I am the youngest of three children, the oldest of whom is a veritable super star and the middle who has been plagued by illness since he was 18.  I was conceived to save a failing marriage and failed in this task I was born to.  I have always been not quite pretty or smart or memorable, and never really wanted so left to my own devices.  Although sad in some respects, I have been afforded the freedom to have all kinds of fun and to live a life of pure and unadulterated self-expression.

I am in my forties and married to a wonderful and boisterous Irishman.  I am heavily tattooed and change my hair as it suits my mood.   I never followed a specific career path, even though I come from doctors and lawyers and general success types. I have lived all over the country and claimed a dozen professions.  I am an artist and an individual, but in my family I am the shadow who gets the passing glance and is as quickly forgotten.

My family, when thrown together, forgets that I am around and forgets that I am going blind, but I don’t have that luxury.  I live every day knowing that my eyes are failing me and that I no longer have the luxuries of driving or working or being able to walk through the world with any kind of grace or ease.  I suppose that between my sister, who is constantly revered and celebrated and my brother, who is a constant patient, there is just nothing left for a shadowy girl who has never been much of anything.  In my family, if you don’t stand out, you don’t stand a chance.

I have dreamed of disappearing and running away.  I plot ways to get out of family functions.  If I don’t show up, I won’t be missed.  And if I do, I will be brushed to the side and forgotten. But, I feel guilty if I don’t show up.  I don’t want to hurt anyone, but then no one even knows I am there.  I can’t win and so far I haven’t found a way to escape. I suppose what I can do, what I have always done, is to simply write. I write about family and shadows and I write about going blind.

I write about going blind because I cannot forget. I write about going blind because it is part of the fabric of who I am, who I have become and who I will be .  I write about going blind because it is my reality and my strength and my fear.  I write about going blind because it is my truth, but no one in my family reads what I write or subscribes to this blog.  I am an after thought.  A back burner disaster.  Nothing.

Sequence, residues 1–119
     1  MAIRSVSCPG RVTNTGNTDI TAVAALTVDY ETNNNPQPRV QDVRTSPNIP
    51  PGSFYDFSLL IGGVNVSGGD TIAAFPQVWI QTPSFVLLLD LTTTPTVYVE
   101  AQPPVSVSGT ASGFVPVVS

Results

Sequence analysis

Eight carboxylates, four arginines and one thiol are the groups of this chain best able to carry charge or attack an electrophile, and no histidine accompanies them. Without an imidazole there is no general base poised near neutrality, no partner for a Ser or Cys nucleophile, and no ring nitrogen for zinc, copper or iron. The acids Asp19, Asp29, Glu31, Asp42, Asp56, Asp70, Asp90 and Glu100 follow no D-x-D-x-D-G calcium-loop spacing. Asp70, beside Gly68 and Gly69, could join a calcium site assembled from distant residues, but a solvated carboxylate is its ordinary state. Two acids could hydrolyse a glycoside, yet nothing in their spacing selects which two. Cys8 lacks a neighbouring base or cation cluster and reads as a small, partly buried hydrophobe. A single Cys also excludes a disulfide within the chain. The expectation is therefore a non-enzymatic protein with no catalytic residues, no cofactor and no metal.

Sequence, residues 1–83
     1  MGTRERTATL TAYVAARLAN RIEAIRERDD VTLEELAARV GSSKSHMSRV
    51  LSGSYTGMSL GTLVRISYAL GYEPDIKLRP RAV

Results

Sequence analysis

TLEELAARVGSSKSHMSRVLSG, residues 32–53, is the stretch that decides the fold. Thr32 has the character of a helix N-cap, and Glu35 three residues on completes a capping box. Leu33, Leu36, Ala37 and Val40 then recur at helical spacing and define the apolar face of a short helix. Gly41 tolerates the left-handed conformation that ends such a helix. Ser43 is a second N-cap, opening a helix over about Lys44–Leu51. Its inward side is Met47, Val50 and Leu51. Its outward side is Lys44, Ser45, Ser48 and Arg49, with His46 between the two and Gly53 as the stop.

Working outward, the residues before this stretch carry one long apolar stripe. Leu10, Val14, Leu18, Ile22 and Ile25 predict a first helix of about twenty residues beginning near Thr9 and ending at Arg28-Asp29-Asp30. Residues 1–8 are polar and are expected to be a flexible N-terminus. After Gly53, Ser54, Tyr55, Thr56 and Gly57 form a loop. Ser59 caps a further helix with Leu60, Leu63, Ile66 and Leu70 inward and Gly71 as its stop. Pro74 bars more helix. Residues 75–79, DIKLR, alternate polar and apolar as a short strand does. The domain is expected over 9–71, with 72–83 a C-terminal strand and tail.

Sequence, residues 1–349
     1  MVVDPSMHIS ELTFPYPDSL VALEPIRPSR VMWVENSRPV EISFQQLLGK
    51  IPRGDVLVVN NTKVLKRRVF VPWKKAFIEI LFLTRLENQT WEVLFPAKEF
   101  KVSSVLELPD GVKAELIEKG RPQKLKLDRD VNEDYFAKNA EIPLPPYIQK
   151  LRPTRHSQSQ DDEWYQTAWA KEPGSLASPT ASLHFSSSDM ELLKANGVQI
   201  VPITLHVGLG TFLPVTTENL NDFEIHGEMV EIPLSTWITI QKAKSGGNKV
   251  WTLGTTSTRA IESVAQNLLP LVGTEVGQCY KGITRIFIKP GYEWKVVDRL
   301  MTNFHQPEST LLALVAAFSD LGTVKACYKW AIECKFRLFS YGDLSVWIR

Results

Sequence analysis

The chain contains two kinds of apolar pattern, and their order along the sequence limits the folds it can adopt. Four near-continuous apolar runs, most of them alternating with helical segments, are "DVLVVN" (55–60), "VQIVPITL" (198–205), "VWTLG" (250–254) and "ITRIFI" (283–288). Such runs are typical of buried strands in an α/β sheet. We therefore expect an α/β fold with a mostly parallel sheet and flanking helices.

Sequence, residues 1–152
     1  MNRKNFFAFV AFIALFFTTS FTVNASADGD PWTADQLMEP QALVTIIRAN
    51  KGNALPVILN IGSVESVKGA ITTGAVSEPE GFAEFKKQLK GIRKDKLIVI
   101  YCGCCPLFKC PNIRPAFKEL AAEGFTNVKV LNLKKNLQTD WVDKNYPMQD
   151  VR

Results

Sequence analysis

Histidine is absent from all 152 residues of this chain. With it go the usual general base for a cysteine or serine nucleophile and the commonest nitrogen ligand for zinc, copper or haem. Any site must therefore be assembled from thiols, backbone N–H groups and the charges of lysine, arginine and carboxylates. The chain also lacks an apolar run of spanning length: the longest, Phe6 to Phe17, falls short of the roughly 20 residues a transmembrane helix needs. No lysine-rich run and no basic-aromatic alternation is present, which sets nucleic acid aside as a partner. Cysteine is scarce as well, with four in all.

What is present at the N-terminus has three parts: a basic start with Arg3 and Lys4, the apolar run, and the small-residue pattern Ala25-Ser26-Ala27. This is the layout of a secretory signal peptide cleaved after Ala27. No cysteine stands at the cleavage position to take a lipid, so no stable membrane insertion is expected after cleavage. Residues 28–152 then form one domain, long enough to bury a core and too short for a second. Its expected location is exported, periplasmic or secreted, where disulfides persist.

Reflections off Water

My husband and I took a whirlwind journey this weekend to attend a family function and I have to say I wish I could have left my RP at home.

We live in Los Angeles and the event was in San Francisco, so we decided to drive.  It is about a six-hour drive and we like the time together in the car chatting and singing and laughing, but it also means a day spent basically outside and even with sunglasses my eyes protest having to be subjected to so much sun time.  When we have done this drive in the past, I usually get a few hours upon arrival to rest my eyes  in a darkened room, but this time we had to go directly to the event.  The venue was beautiful, with windows facing a lake and sun reflecting off the water through the windows. A totally beautiful nightmare for someone like me.  Sunlight reflecting off water through windows is akin to having lasers beamed directly into the center of my eyes; even with my oversized sunglasses, it hurts like hell.

So, there we were, sitting in the front row closest to the windows, my eyes already feeling sore from the 6 hours in the car, and I am feeling like a full-blown freak because I am the only person in the room who is wearing sunglasses.  Did I mention it was a religious service?  We were there to celebrate my niece’s Bat Mitzvah and between my tattoos and my big Jackie O sunglasses, I don’t think I made a very good impression on the Rabi.

The service itself was absolutely beautiful and I shed many proud Auntie tears, but it was also over two hours long and by the time it concluded, my tears were partly from pride and partly from pain.

If you have ever attended a bat mitzvah (this was my second and my husband’s first), you know that a huge party always follows the lengthy service and as family we were expected to stay.  I knew I wouldn’t be able to make it to the end and started planning the quickest possible exit.  My eyes hurt so much I could barely keep them open.  I decided that a quiet retreat would be the best way to leave, so Joe and I went off as if to take a walk and disappeared into the early evening.

I have to admit I was incredibly relieved to be out of there, away from the pressure of being the dumpy blind black sheep in a family of diamond studded song birds, and away from the assault of sunlight reflecting off water.